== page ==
In the design of a city street - the most fundamental piece of public infrastructure - it makes more sense to target the broadest possible use, i.e. everyone.
By Ryan McGreal
Published May 23, 2012
Last Thursday around lunchtime, I was walking along the east side of James Street North near Barton Street when a woman in a car pulled up and rolled down her passenger-side window.
I walked over and leaned down. She said, "Can you help me? I'm trying to find my way back to Main Street."
Knowing from experience that Hamilton's paired one-way thoroughfares often confound visitors, I asked for clarification. "Where are you trying to get to?"
She said, "I'm trying to get back to the 403."
"Okay," I answered, "you actually want to find King Street." Then I proceeded to give her the directions.
Now, I spend a fair bit of time walking around downtown. As the woman did a U-turn and headed back up James, I mused on the fact that I go through a variation of this exchange on roughly a weekly basis.
It occurred to me, not for the first time, that there's something fundamentally wrong with Hamilton's network of one-way streets.
Main Street: five lanes of traffic, and none of them westbound (RTH file photo)
In design, usability refers to how easy it is for someone to learn and use an object - be it an appliance, a software application, a machine, a process or any other designed system.
A basic test of usability is how easily someone who is inexperienced with the system can figure out how to use it. A usable system will anticipate and leverage the user's own assumptions about how things work - for example, the assumption that a street goes both ways.
A usable system follows conventions that most users can recognize, and in which most users can successfully predict what a given action will do. At the same time, novel features are easily discoverable and the interface gives clear hints as to what they do and how to access them.
By such measures, Hamilton's one-way street system seems a failure. Anecdotally, an alarming proportion of people who drive into Hamilton from someplace else get lost and can't find their way out without help.
Certainly the first time I drove to Hamilton (as a teenager to see a concert at Copp's), I got hopelessly lost and ended up in the east end. I got lost again the first two times I drove to Hamilton as part of the process of moving here, and it was several months before I really got the hang of the place.
I'm sure someone will argue that our one-way streets ought to be easy to figure out and navigate. After all, the streets follow a grid and if there's an eastbound street, it stands to reason that there must also be an adjacent westbound street.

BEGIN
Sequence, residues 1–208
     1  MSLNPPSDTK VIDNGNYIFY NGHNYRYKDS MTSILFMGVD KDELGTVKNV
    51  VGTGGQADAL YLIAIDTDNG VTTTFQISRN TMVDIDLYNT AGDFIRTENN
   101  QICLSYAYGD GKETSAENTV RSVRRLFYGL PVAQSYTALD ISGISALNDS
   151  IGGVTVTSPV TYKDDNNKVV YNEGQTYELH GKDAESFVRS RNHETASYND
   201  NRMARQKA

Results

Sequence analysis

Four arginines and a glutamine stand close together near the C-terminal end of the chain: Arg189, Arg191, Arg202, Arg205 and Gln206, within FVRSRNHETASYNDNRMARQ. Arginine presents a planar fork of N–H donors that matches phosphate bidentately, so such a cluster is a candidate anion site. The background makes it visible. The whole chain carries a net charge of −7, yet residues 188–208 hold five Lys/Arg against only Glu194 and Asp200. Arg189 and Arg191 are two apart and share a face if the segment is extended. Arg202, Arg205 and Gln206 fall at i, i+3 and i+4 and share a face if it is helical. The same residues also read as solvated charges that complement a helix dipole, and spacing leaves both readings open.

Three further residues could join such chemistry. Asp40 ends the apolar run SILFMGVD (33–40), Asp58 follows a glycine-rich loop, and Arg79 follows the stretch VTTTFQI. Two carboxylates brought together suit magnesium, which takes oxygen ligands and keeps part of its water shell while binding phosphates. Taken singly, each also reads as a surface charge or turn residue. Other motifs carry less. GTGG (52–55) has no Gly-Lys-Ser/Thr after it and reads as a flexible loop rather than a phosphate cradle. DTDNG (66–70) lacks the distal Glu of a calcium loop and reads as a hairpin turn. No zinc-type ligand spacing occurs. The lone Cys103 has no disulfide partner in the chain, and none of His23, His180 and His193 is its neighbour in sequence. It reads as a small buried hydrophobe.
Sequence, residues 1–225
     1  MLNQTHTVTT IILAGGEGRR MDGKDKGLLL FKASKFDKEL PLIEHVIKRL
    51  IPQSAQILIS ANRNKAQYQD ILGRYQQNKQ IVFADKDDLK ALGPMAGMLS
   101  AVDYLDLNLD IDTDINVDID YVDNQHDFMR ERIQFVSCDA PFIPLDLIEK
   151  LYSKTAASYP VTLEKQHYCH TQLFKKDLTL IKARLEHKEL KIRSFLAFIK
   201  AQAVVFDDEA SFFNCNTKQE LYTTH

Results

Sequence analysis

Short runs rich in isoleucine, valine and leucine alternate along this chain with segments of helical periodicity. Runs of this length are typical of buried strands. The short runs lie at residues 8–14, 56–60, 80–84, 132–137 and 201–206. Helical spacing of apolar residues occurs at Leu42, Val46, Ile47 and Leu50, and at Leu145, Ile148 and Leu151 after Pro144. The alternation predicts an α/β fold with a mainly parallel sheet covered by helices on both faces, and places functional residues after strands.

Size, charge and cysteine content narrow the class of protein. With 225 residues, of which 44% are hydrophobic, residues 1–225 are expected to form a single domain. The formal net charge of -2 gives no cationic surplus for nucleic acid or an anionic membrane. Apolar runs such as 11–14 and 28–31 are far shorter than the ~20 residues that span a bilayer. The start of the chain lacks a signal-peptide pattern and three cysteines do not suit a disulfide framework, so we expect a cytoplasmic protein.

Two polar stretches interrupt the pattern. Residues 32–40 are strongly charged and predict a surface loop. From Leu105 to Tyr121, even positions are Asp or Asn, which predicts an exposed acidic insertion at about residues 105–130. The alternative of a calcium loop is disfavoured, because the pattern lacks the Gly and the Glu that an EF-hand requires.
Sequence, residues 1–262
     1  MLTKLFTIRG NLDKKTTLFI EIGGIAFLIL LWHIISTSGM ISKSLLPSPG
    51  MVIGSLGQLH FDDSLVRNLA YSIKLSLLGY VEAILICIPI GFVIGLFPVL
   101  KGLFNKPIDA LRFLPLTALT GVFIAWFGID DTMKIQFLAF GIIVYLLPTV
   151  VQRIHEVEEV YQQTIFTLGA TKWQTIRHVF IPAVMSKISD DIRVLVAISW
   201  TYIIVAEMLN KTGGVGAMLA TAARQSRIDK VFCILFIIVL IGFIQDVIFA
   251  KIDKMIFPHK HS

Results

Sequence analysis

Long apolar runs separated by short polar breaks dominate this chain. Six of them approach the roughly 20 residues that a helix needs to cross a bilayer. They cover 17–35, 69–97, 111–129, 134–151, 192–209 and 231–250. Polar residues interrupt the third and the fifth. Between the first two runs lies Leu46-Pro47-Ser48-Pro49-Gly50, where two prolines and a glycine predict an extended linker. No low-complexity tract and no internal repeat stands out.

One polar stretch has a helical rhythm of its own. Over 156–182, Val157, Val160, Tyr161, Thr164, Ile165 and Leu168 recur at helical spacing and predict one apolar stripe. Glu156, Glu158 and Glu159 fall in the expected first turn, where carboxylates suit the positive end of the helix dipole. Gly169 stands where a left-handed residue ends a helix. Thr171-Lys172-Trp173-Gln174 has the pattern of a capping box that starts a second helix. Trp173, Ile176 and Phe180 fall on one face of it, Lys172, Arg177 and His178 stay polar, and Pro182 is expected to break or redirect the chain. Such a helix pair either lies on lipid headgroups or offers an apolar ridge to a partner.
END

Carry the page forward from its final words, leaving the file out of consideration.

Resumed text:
However, usability is based on what we actually observe in users. It's not based on a set of assumptions that sound reasonable but haven't been tested. Without applying evidence-based best practices to the design phase and employing user testing as early as possible to check assumptions against reality, any design is at best a crapshoot.
No matter how normatively sensible Hamilton's street network is, it is evidently not easy for people to figure out how to use it when they first encounter it.
Yet every attempt over the past decade to convert a one-way street to broader usability has been met with dire predictions of chaos and failure, based entirely on reasoning from a set of assumptions rather than observation and evidence. In the James/John South conversion, City staff tweaked the design over the next few months in response to some observed problems right after the cutover: that's classic iterative design for usability, and it flies in the face of the fearful letters to the editor that preceded it.
James Street North is a people-friendly place with streets that allow for diverse uses (RTH file photo)
Usability by itself isn't enough. To be successful, a street must also be useful to a variety of people.
When James Street was still one-way southbound, it was completely useless to anybody who wanted to drive northbound - including, crucially, anyone who wanted to drive northbound to a destination on James Street. (To do so, you needed to go north on a different street and then double back, which is a non-trivial aggravation given all the other destinations you could choose instead.)